The hidden date for this stamp can be found near the base of the prairie lily. The date is printed with many small dots.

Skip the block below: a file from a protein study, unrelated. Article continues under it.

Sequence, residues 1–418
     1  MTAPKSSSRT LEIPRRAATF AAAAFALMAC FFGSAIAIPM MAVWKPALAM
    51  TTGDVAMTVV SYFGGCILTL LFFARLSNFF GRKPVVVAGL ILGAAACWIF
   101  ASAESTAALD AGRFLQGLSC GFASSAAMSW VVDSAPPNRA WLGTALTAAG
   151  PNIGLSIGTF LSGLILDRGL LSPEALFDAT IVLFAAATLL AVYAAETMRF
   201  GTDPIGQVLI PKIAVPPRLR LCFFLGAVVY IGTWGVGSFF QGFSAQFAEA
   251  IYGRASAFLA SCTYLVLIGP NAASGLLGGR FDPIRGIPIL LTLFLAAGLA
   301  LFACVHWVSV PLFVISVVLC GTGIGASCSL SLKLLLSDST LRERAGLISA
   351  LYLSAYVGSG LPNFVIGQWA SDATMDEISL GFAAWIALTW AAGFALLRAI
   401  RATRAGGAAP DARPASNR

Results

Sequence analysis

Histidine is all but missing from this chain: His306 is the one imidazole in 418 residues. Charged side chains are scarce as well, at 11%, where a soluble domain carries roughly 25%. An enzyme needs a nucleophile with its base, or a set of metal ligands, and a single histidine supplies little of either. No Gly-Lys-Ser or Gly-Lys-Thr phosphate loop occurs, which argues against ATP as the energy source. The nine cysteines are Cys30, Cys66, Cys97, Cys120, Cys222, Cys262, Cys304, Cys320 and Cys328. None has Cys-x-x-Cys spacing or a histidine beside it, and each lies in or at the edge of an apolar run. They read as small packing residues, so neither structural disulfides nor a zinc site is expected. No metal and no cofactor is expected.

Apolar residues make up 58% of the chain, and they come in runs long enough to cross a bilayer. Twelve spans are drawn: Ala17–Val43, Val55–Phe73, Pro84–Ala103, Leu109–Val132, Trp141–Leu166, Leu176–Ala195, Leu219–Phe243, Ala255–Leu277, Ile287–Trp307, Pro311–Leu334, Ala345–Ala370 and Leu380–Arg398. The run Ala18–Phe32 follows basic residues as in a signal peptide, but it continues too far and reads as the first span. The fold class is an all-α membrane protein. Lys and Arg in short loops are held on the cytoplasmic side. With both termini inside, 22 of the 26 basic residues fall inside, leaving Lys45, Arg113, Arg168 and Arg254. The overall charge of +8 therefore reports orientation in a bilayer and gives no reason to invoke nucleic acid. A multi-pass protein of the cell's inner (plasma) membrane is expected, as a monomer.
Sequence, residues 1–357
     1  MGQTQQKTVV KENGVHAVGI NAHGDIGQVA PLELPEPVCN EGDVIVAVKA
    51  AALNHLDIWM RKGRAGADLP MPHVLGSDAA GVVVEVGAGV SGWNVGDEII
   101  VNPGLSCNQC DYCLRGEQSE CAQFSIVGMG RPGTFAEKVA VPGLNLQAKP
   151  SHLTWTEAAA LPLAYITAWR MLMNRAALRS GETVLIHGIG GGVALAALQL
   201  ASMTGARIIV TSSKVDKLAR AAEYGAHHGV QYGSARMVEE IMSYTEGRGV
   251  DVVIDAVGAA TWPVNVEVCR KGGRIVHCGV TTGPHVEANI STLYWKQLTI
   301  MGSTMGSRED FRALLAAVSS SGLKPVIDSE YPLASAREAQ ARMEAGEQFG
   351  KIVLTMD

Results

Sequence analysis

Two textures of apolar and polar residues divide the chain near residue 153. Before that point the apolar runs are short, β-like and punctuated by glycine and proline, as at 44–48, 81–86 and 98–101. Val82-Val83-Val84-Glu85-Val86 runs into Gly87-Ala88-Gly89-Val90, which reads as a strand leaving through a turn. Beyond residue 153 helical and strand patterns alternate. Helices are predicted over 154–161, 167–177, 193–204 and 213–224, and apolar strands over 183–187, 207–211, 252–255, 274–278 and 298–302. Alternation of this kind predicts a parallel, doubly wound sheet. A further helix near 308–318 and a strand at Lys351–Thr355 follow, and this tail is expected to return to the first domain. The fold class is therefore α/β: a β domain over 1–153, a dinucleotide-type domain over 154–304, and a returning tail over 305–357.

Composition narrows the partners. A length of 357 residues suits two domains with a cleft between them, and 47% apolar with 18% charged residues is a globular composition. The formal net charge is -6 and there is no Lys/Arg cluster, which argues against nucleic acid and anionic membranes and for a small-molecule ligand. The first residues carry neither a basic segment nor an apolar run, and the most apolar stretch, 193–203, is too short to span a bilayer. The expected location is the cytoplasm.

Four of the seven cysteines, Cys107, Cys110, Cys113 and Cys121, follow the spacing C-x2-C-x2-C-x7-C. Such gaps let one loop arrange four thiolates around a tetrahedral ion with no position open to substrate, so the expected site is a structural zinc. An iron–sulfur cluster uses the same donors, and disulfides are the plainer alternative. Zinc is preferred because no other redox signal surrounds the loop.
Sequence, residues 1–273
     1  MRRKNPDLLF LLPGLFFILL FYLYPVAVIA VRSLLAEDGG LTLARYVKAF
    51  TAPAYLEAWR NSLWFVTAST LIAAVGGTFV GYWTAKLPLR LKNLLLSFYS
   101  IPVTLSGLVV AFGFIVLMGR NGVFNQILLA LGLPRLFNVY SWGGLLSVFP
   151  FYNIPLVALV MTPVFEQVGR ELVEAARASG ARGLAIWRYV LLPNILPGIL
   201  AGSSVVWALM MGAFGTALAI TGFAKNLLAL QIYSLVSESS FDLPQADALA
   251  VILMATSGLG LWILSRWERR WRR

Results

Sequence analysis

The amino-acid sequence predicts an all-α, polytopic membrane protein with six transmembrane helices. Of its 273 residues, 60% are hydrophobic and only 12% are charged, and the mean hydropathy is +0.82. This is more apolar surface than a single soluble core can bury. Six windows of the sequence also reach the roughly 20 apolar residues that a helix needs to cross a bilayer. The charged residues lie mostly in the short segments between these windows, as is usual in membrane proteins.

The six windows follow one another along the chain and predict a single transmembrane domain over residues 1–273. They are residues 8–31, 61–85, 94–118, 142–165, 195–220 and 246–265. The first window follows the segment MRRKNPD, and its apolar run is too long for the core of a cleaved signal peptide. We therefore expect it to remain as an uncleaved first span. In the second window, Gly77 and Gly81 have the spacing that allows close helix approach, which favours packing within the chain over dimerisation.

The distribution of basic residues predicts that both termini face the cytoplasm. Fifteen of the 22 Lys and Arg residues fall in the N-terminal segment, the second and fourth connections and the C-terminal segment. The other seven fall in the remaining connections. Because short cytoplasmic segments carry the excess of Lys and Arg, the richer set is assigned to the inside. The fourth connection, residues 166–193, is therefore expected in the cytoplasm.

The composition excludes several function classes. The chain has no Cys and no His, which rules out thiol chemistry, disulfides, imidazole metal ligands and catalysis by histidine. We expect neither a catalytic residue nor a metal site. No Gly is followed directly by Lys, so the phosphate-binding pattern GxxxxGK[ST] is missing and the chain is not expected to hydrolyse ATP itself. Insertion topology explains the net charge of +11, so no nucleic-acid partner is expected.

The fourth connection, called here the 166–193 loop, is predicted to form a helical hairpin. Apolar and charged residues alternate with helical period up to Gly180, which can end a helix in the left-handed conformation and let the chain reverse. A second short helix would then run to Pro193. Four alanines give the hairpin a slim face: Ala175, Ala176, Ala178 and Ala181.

The floral emblem stamps of the twin prairie provinces, Alberta and Saskatchewan, which entered Confederation in 1905, are appropriately being issued together. This history of these prosperous provinces is linked in many ways. In 1691 the verse-writing explorer, Henry Kelsey, became the first white man to reach Saskatchewan and the eastern part of Alberta. In 1754-55 Alexander Henday explored the North, and in 1792-93 Peter Fidler explored the South Saskatchewan River. Both branches of the Saskatchewan from Canada's fourth longest river. In 1821, the feuding Hudson's Bay Company and Northwest Company joined to continue a peaceful but systematic and more profitable fur trade in these western lands. Sovereignty over the Northwest Territories, as the areas of Alberta, Saskatchewan and Manitoba were then known, was transferred from the Hudson's Bay Company to the Government of the new Dominion of Canada in 1870. Twelve years later, the Districts of Saskatchewan and Alberta were created. Then, in 1885, the Northwest rebellion broke out and the march toward provincial status began. The completion of the Canadian Pacific Railroad in 1885 heralded the beginning of an inrush of settlers to the prairies which reached its peak in the years before World War I. With the homesteaders came the more insistent cry for provincial status. The federal government the created in 1905, the two provinces which celebrated their Diamond Jubilee in 1965, Saskatchewan and Alberta. Saskatchewan's capital, Regina, became the headquarters of the North West Mounted Police in 1882 and the provincial capital in 1906. From this city is administered a province rich in wheat and other grains, copper, zinc, petroleum, natural gas, uranium, salt and potash. The prairie lily, Lilium philadelphieum was officially adopted as Saskatchewan's emblem in 1941.